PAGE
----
Have you ever noticed that your handwriting looks better with some nibs than with others? I know that I have. Over the years, I’ve realized that my writing style is best suited to a larger nib. Of course, you may be the opposite and prefer a finer nib. What I want to look at today is how different nib sizes affect your handwriting.
Different Sizes and Types Of Nibs
As you probably know, there are quite a variety of nib sizes available. Most fountain pens are available with either a fine (F), medium (M), or broad (B) nib option. Depending on the manufacturer, some pens may be available with an extra-fine (EF) or double-broad (BB) option as well. All of these options affect the size of the line your pen puts down.
Your Writing Style
We all have different writing styles. Some people may write in small, closely-spaced cursive, while others may write in large block print. Each writing style is going to look different depending on which nib size is used. Furthermore, the choice of nib can actually impact how legible any given handwriting sample is.
With that being said, I want to introduce a concept that I’ll refer to in this post. It’s not an “official” word that you’ll see used in the pen community. To be honest, it’s something that I just made up, but I do think it will be helpful in this discussion. That concept is density. You can imagine writing density as a ratio of ink to empty paper in any given amount of space. So if you were to take the space between two lines on a piece of paper and not write anything, it has 0% density. If you were to completely color it in with ink, that would be 100% density. All writing is going to fall somewhere in between 0-100%. I’m not going to worry about coming up with a way to measure it, but let’s just understand that we can have low, medium and high density writing.
In general, the smaller your handwriting, the finer the nib you’ll want to use. A finer nib will usually give smaller handwriting a more attractive density. Using a nib that is too broad will smash all of your lines together, creating a high-density handwriting that will probably be hard to read.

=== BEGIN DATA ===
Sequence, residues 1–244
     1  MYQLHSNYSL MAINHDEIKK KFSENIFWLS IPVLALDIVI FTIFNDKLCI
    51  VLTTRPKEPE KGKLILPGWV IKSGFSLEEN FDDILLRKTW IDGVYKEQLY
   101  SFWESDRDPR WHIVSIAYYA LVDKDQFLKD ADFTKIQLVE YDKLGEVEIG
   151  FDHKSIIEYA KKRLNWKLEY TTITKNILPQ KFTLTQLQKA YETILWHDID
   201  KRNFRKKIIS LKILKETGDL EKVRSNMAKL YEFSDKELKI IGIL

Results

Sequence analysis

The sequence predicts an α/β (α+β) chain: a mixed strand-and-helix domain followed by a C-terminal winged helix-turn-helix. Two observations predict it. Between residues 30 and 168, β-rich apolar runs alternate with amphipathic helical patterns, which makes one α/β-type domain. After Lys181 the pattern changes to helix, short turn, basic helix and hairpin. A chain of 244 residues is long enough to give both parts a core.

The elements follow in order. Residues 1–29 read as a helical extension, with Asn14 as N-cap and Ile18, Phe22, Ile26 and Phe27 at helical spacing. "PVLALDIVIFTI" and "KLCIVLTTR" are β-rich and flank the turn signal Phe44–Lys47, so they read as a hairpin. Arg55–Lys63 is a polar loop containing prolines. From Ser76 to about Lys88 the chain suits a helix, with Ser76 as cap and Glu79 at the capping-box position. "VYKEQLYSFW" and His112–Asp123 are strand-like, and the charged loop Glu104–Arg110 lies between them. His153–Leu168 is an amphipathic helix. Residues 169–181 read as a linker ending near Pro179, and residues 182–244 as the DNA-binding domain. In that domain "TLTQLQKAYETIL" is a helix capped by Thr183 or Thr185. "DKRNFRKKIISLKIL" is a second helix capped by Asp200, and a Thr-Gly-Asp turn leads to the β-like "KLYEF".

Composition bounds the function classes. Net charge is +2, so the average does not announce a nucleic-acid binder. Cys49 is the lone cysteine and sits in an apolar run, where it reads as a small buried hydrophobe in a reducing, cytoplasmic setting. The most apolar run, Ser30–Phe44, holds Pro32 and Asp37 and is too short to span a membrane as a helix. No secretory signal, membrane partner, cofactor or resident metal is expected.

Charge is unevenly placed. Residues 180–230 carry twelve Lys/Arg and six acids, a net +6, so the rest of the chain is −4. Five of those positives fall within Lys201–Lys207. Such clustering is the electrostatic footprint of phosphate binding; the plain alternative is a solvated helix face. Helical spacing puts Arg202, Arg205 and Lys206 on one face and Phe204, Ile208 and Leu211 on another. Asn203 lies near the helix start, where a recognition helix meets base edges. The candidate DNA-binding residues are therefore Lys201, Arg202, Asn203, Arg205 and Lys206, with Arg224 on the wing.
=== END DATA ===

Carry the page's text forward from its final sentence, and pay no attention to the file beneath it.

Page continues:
With larger handwriting, you’re likely to have more flexibility in nib choice. Using a broader nib will probably make your writing look more attractive, but it should still be completely legible with a fine nib as well. A finer nib will give your writing a lower density, but it should still be easy to read. Depending on how steady your hand is and how straight your lines are, a fine nib may accentuate any imperfections in your writing.
Cursive handwriting typically has letter lines that are closer together than they would be in print (imagine the letter ‘n’ or ‘m’ for example), but letters that are farther apart. A finer nib is typically going to be better suited to cursive than a broad nib would be. Of course, depending on the size of your writing, it’s possible that a broad nib will work just fine.
Print handwriting typically has a bit more space between lines than cursive handwriting, but letters that are closer together. Because of this, you can usually get away with using a broader nib for print handwriting than you could with the same size of cursive handwriting. One important thing to consider is how much shading your ink has. Sometimes excessive shading can make your writing hard to read, especially with high-density writing.
Is There An Ideal Line Size To Letter Size Ratio?
At some point while I was writing this post I started to wonder if there is an ideal line size to letter size ratio. For example, if you prefer to write on paper that has 5mm line spacing, would a pen that lays down a 1mm line look better than one that lays down a 0.5mm line?
Then I started to think about it and realized that, not only is it entirely subjective, but there are so many variables involved for any given person’s handwriting that coming up with a “good” answer would be nearly impossible. I also realized that I don’t have anything with markings small enough to measure a line size smaller than 1mm, which is going to be the majority of nib sizes.